This volume brings together twenty-two of the most diverse and stimulating journal articles on classical and romantic performing practice, representing a rich vein of enquiry into epochs of music still very much at the forefront of current concert repertoire. In so doing, it provides a wide range of subject-based scholarship. It also reveals a fascinating window upon the historical performance debate of the last few decades in music where such matters still stimulate controversy.
Table of Contents
Contents: Introduction; Part I Style and Purpose: Appraising 18th and 19th Century Aesthetics: Performing Classical repertoire: the unbridgeable gulf between contemporary practice and historical reality, Clive Brown; Mozart as early music: a Romantic antidote, Laurence Dreyfus; Listening and responding to the evidence of early 20th-century performance, Daniel Leech-Wilkinson. Part II Studies in Historical Sources: Mathis Lussy's Traite de l'expressione musicale as a window into performance practice, Michael D. Green; Quantz's unegal: implications for the performance of 18th-century music, Claire A. Fontijn; The recordings of Joachim, YsaÃe and Sarasate in light of their reception by 19th-century British critics, Dorottya Fabian. Part III Instruments, Ensembles and Conducting: Towards a Verdian ideal of singing: emancipation from modern orthodoxy, Roger Freitas; Brahms's pianos and the performance of his late piano works, Camilla Cai; The orchestra in Beethoven's Vienna, Clive Brown; Mozart's Viennese orchestras, Dexter Edge; Rejected traditions: ensemble placement in 19th-century Paris, Donna M. Di Grazia; Style and sonority in Wagner string performance, David Milsom; The origins of the ideology of authenticity in interpretation: Mendelssohn, Berlioz and Wagner as conductors, José Antonio Bowen. Part IV Tempo and Rhythm: Historical performance, metronome marks and tempo in Beethoven's symphonies, Clive Brown; The case of compensating rubato, Sarah Martin; Tempo as an expressive element in the late Romantic lied, Edward F. Kravitt; New light on late 18th-century tempo: William Crotch's pendulum markings, Emanuel Rubin. Part V Aspects of Notation: Dots and strokes in late 18th- and 19th-century music, Clive Brown; The expressive pause: punctuation, rests and breathing in England 1770-1850, Robert Toft; Beggar at the door: the rise and fall of portamento in singing, John Potter; Bowing styles, vibrato and portamento in 19th-century violin playing, Clive Brown; Port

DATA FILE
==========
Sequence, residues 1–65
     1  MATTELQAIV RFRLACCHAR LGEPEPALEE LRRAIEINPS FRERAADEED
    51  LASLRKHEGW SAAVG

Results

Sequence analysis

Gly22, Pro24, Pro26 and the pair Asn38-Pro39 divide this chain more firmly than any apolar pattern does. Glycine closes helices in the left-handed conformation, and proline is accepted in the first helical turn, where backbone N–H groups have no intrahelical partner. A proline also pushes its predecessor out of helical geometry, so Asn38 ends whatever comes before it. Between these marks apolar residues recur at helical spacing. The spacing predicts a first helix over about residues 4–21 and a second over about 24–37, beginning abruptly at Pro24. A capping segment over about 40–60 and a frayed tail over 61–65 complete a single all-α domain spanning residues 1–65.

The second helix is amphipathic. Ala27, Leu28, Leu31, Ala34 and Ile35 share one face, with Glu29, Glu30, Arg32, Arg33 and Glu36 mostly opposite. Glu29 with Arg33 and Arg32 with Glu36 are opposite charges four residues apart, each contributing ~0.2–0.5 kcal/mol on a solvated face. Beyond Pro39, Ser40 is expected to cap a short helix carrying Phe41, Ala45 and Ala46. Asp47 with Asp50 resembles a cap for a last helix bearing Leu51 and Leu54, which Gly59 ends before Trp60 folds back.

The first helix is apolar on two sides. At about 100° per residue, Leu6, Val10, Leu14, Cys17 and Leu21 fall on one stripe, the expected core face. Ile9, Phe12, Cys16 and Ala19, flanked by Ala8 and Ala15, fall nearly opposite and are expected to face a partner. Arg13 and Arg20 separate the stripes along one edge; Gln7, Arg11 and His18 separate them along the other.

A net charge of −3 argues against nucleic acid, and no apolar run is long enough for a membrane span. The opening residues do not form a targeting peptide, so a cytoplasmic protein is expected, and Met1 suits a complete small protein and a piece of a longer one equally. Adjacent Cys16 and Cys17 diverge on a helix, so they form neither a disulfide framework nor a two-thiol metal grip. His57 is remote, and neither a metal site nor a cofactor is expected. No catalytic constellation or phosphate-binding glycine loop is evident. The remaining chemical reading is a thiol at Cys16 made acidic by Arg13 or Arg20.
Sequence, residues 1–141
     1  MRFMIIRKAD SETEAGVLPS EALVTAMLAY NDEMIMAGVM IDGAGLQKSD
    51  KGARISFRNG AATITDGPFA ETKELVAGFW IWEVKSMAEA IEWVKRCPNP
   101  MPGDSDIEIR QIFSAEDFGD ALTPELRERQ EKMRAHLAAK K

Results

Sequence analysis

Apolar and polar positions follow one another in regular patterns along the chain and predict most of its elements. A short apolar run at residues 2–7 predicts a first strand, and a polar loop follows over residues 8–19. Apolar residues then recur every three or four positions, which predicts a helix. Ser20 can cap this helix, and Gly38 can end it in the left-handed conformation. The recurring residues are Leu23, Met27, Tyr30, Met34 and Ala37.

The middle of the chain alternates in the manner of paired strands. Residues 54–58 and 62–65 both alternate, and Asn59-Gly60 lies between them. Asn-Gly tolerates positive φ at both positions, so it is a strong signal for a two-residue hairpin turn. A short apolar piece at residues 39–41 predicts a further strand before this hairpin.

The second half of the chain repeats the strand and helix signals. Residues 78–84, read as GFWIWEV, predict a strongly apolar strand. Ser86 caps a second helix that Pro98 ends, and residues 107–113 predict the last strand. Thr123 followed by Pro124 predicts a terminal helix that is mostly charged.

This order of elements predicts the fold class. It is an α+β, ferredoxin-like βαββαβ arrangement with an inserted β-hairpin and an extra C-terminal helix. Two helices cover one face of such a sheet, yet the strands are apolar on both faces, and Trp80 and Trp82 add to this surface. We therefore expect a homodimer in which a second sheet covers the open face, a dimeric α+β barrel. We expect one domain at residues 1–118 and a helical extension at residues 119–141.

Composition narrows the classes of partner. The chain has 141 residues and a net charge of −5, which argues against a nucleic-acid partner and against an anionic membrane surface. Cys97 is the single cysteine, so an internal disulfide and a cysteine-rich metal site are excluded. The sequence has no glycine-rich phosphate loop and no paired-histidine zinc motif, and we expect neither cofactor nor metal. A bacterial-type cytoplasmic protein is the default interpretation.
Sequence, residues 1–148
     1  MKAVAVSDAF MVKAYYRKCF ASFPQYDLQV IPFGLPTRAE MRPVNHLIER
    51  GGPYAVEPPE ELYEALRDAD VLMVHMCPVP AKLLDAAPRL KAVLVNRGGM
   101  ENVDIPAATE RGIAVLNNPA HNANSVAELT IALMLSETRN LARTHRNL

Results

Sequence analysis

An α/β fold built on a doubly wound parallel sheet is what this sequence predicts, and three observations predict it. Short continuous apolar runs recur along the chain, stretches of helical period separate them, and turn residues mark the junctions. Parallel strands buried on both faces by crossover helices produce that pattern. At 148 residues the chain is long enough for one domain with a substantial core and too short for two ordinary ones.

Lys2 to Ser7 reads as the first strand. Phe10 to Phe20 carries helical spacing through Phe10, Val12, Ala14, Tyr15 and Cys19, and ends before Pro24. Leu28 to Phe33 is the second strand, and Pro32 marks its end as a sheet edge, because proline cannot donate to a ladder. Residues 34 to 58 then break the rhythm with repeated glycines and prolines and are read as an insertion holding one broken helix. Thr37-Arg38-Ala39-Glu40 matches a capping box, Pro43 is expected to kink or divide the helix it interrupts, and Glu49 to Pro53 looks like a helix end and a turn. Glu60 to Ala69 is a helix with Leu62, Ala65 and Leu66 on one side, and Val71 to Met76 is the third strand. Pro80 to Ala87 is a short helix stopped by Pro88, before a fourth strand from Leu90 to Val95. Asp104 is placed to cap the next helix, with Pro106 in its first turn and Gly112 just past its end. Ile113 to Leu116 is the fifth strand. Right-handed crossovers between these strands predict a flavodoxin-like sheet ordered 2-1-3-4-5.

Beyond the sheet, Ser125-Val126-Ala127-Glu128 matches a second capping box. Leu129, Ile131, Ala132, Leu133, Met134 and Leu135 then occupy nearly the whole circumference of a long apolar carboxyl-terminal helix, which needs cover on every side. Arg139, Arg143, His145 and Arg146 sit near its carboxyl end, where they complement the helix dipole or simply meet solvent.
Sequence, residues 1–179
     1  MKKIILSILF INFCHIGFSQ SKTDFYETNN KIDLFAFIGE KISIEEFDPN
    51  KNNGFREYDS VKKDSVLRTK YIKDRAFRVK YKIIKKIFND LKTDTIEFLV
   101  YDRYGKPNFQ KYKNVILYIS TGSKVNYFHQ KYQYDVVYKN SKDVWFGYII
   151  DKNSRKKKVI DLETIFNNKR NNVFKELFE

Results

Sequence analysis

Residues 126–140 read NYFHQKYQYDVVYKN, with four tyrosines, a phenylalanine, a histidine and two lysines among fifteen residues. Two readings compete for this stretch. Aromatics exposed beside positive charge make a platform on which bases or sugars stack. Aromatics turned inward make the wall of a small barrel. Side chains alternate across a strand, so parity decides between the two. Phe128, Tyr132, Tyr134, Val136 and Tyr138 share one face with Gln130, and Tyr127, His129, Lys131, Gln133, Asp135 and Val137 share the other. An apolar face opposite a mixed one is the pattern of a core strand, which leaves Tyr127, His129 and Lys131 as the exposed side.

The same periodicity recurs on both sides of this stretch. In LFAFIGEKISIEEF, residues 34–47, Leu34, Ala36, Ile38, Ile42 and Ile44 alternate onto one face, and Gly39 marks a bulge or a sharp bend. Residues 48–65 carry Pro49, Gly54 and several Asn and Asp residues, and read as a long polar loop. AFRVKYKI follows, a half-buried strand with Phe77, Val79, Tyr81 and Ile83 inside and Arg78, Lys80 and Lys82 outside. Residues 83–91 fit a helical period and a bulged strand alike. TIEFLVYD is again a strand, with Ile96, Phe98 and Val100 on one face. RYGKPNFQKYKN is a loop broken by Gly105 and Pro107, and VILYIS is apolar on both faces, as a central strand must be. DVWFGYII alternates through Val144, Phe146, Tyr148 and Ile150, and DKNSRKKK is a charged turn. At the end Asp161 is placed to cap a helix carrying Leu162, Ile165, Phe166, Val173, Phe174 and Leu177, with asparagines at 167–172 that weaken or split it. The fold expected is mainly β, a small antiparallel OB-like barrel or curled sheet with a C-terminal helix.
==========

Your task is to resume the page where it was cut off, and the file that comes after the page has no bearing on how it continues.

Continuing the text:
David Milsom, who has written widely on nineteenth-century performing practice, is the author of Theory and Practice in Late Nineteenth-Century Violin Performance 1850-1900 (Ashgate, Aldershot, 2003). He is an active violinist and violist, specialising in late nineteenth-century violin performing practice and an experienced instrumental teacher. He is a lecturer in music at the University of Huddersfield.